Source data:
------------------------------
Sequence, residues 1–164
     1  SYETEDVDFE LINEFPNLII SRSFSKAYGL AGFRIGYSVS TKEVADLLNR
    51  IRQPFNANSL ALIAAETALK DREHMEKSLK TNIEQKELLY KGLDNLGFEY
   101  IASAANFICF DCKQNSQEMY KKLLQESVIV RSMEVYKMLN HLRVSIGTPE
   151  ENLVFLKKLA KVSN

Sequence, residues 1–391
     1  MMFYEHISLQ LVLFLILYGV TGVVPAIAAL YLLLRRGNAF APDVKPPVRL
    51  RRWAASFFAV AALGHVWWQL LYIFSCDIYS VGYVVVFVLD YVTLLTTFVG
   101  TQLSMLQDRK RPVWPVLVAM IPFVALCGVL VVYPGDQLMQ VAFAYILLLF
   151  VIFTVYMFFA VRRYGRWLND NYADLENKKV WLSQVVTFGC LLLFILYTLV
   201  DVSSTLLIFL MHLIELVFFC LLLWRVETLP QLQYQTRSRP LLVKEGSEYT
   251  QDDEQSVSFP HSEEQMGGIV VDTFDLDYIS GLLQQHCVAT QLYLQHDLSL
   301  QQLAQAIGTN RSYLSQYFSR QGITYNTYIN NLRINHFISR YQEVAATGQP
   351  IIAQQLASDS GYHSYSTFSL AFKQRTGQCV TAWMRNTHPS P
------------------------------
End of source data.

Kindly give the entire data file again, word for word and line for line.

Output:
Sequence, residues 1–164
     1  SYETEDVDFE LINEFPNLII SRSFSKAYGL AGFRIGYSVS TKEVADLLNR
    51  IRQPFNANSL ALIAAETALK DREHMEKSLK TNIEQKELLY KGLDNLGFEY
   101  IASAANFICF DCKQNSQEMY KKLLQESVIV RSMEVYKMLN HLRVSIGTPE
   151  ENLVFLKKLA KVSN

Sequence, residues 1–391
     1  MMFYEHISLQ LVLFLILYGV TGVVPAIAAL YLLLRRGNAF APDVKPPVRL
    51  RRWAASFFAV AALGHVWWQL LYIFSCDIYS VGYVVVFVLD YVTLLTTFVG
   101  TQLSMLQDRK RPVWPVLVAM IPFVALCGVL VVYPGDQLMQ VAFAYILLLF
   151  VIFTVYMFFA VRRYGRWLND NYADLENKKV WLSQVVTFGC LLLFILYTLV
   201  DVSSTLLIFL MHLIELVFFC LLLWRVETLP QLQYQTRSRP LLVKEGSEYT
   251  QDDEQSVSFP HSEEQMGGIV VDTFDLDYIS GLLQQHCVAT QLYLQHDLSL
   301  QQLAQAIGTN RSYLSQYFSR QGITYNTYIN NLRINHFISR YQEVAATGQP
   351  IIAQQLASDS GYHSYSTFSL AFKQRTGQCV TAWMRNTHPS P